Did you know that there are different types of editing? Two of the most popular methods of editing are line editing and copyediting. These two editing styles do have some similarities. They pay attention to your use of language and grammar, for example, and the corrections noted are marked on the pages of a manuscript. Yet there are also some key differences which must be examined so that when you need an editor, you get one that will give your manuscript the polished result you want to have.
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What Is Line Editing?
If a manuscript is going through line editing, then the content being addressed is your writing style, the creativity within your words, and the word structures of your sentences and paragraphs. The goal isn’t to find the grammatical mistakes or other small errors that might be lurking in your manuscript. It will look at the style of language you are using to communicate with the reader.
Some authors can do their own first-level line editing at home by asking themselves 3 important questions about their manuscript.
- Is the language of the manuscript clear and does it contain logical transitions so that the document is fun to read?
- Are the words chosen in such a way that a precise meaning is interpreted by the reader or are general language terms used?
- Does the language and structure of the manuscript help to convey the right emotion and tone to the reader?
When line editing a document, the goal is to create consistency within the structures of each paragraph so there is harmony throughout the content. Even the best authors can find themselves chasing narrative digressions, tonal shifts, or redundant phrasings that would irritate a majority of readers. Suggestions for clarity within the words and phrases may be suggested as well.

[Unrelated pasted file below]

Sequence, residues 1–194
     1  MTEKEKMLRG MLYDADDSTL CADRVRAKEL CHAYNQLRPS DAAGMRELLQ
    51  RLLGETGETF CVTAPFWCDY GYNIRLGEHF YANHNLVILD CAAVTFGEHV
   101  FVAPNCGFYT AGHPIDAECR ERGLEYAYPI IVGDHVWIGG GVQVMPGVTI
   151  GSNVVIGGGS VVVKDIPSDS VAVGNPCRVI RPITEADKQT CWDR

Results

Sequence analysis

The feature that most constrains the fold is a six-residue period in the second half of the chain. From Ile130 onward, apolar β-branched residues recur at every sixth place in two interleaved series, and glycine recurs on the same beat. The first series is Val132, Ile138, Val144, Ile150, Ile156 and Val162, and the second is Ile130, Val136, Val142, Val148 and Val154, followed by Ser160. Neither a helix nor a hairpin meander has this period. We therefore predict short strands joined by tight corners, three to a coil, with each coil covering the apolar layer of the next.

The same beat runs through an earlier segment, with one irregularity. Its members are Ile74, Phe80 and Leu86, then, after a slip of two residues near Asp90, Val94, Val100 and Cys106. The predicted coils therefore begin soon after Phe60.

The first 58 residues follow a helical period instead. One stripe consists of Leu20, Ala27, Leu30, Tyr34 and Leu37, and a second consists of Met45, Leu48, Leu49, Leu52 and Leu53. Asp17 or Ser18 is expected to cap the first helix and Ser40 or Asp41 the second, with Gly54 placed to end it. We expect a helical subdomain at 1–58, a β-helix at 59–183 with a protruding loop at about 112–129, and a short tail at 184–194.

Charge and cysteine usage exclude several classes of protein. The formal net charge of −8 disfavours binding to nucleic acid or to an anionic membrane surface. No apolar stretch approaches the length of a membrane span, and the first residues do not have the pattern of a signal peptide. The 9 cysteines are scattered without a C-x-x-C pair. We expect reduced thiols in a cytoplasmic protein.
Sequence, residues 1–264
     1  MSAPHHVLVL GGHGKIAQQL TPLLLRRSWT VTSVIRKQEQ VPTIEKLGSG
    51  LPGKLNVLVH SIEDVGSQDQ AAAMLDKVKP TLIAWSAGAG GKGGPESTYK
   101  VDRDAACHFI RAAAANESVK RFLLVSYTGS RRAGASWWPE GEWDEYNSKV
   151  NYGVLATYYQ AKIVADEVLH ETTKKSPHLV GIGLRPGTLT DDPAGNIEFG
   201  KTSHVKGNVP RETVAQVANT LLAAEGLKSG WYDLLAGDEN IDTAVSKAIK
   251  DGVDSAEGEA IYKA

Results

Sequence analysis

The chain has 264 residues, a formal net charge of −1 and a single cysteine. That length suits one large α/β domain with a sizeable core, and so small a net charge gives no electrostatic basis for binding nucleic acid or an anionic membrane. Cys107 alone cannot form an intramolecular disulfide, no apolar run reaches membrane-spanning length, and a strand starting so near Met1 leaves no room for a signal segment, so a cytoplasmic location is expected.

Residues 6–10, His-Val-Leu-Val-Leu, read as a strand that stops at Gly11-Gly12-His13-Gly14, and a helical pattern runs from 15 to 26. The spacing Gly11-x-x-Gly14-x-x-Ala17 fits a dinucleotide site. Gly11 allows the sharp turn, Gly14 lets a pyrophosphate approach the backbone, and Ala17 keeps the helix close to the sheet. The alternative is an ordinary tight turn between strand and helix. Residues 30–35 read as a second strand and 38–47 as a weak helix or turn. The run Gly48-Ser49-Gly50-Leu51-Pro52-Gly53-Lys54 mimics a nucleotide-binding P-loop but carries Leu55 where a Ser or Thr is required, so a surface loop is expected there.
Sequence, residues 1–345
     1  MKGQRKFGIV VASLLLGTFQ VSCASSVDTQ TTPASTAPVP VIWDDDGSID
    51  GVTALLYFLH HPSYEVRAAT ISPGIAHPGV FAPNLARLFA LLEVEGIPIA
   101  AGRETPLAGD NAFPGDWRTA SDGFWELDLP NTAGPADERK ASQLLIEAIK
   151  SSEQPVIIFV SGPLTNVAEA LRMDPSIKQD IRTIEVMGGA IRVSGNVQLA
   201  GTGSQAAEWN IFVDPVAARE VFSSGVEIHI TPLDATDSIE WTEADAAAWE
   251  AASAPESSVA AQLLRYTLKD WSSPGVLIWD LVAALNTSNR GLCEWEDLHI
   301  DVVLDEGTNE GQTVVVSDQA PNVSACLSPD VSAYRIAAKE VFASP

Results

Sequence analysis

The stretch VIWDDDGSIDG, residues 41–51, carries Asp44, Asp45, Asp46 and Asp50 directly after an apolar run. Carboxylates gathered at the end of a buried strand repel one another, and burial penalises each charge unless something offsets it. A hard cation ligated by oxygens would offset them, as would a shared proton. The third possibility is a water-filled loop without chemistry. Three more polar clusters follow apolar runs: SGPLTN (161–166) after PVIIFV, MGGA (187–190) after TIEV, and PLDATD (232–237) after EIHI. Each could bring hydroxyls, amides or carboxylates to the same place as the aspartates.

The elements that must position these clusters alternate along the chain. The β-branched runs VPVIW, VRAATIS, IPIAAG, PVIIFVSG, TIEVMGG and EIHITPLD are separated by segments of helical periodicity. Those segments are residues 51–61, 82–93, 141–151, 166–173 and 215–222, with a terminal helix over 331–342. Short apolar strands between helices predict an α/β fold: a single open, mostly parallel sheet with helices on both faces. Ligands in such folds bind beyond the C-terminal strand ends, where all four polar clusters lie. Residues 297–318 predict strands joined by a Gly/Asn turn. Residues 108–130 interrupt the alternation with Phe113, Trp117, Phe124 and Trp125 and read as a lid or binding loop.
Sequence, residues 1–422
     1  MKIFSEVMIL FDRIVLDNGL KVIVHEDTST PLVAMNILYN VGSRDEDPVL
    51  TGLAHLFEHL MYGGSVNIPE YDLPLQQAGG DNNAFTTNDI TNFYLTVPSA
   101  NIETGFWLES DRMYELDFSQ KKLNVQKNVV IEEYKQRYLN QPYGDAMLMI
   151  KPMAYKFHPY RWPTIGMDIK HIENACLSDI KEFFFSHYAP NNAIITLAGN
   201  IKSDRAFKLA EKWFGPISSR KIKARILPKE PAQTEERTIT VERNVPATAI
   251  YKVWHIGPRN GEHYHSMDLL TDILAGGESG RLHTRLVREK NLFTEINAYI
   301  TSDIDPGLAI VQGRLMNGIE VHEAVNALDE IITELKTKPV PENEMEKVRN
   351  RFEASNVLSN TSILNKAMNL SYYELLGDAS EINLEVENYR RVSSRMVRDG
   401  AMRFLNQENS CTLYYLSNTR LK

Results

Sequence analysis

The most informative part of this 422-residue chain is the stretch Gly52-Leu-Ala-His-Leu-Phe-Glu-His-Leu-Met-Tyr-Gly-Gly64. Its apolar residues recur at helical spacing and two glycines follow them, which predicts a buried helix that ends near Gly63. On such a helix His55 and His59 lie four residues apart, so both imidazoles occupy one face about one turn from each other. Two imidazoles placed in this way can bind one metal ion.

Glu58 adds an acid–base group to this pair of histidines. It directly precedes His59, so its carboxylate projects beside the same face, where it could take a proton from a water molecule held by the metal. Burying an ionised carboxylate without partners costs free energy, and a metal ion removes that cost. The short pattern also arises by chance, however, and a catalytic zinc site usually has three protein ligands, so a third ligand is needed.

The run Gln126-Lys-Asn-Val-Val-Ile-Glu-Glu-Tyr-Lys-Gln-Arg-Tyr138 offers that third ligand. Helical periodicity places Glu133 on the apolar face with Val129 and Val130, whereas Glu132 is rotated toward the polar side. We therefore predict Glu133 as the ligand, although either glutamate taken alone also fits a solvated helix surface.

Hearing the feedback from a line editor can be very challenging for many writers. This feedback is also an easy way to gain some creative tools for a writer’s toolbox so the next manuscript written can be even better than the current one.
Now this doesn’t mean that line editing won’t catch certain technical errors within a manuscript and recommend correcting them. Many line editors will catch issues with misspelled words and some capitalization issues, but may not give you the crisp grammatical usage that a final draft will require before it’s published.
That is the job of the copyeditor.
What Is Copyediting?
Copyediting is that standard form of editing that most writers think about. It’s goal is to address the technical flaws of a manuscript at several different levels so the creative work can meet or exceed industry standards. It’s like proof-reading, but on an enormous level.
Here’s why: copyediting corrects your grammar, punctuation, and syntax mistakes. It will make sure all of your words are correctly spelled. Hyphenation, capitalization, and even how you use numbers within the document will be examined. Any incorrect statements will be flagged for correction and the entire document will be checked for consistency.
Think about it like this: if a writer at the beginning of a story says that the main character has black hair, but then in a descriptive moment says the character is combing their blonde hair, copyediting would point that out so it could be corrected.
Because copyediting is looking at the specific grammatical rules of language within the context of your manuscript, it should always take place after line editing has been completed. It would be a disservice to do a line-by-line check for consistency through copyediting to then need to go back and change some of the creative content. You’d have to then copyedit the changes recommended by the line editing, forcing a third edit before the manuscript makes it to the general editor.
Most writers will need to have both line editing and copyediting to create a flowing manuscript that fully engages the reader. Needing this editing service is not a reflection on the quality of an author’s skill. Every writer needs an editor to take a second look at the words which have been written. It is a harmonious relationship between the technical and creative side of writing that creates work that is consistently accurate from all language standpoints.